The Democrats? They may be split into 42 factions or 63 or…well, I forget how many…but they stick together better at election time. The Republican split is simpler and much more complicated. On the one side you have the pure, orthodox conservatives – orthodox on guns, taxes, immigration, abortion - you name it. I think the last pure conservative to win the nomination was Barry Goldwater.
That was a long time ago and, as we older voters remember, he got clobbered in the general election. Republicans have had success since, of course, with a couple of guys named Bush and one named Reagan. More moderate, all. The difficulty is that as soon as the GOP nominates a moderate, someone whose conservatism is imperfect, the pure conservative voters may stay home. They certainly will start complaining.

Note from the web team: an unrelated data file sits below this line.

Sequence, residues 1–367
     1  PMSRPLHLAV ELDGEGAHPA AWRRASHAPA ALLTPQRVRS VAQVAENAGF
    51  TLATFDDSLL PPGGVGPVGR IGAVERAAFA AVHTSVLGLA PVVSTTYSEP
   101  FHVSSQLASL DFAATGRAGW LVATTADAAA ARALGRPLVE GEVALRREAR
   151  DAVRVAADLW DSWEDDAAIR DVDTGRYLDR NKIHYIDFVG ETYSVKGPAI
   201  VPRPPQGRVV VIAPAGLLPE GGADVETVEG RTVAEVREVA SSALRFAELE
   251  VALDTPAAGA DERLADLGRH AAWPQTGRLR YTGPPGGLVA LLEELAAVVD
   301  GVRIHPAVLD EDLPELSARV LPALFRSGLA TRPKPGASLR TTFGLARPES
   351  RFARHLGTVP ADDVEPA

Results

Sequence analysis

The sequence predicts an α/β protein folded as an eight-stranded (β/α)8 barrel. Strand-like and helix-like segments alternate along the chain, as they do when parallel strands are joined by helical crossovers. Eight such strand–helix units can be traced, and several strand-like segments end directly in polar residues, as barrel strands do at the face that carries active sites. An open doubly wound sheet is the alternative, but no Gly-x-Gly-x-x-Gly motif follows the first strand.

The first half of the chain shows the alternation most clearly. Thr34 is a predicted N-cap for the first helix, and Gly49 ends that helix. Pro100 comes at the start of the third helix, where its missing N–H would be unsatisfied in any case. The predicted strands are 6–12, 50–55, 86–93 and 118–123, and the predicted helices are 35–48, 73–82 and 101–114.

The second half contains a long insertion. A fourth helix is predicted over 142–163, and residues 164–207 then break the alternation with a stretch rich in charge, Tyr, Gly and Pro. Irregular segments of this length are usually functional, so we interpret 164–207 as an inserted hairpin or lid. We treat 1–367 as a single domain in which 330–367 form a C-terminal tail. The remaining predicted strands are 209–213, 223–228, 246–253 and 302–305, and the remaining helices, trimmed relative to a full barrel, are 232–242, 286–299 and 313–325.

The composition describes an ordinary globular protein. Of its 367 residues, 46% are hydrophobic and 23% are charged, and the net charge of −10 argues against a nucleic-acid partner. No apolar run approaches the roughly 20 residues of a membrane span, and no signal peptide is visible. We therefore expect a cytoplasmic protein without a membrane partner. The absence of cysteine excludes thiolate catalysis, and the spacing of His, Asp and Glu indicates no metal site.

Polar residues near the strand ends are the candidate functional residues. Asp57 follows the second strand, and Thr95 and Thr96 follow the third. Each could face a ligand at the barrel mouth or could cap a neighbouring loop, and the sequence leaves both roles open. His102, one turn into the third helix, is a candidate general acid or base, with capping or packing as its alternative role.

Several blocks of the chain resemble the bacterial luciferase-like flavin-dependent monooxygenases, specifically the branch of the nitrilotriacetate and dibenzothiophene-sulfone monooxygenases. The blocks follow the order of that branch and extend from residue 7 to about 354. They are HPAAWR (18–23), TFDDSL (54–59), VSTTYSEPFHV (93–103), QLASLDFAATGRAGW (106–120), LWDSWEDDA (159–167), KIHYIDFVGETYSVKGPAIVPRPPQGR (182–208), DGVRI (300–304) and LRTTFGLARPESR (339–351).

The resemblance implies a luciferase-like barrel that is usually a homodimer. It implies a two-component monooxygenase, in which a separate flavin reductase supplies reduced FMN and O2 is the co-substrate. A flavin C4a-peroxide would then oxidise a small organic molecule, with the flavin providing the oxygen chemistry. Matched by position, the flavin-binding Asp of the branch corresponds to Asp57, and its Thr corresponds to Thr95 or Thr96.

That's the problem facing Mitt Romney as he seeks the nomination. It's the same one that faced his father a generation ago. So Romney finds himself trying to compromise on guns, on abortion, on other issues where plain conservatives don't want to compromise. They want their way. The result is a Romney who never seems able to emote full bore because he's checking the script to see if he's got his lines right. You can probably do this but it's certainly not easy. It's why you keep reading phrases like "presumed frontrunner" even "former frontrunner" about him. And it's why he sometimes bungles his lines and says things like "cheesy grits." The next big test is Illinois. Stay tuned.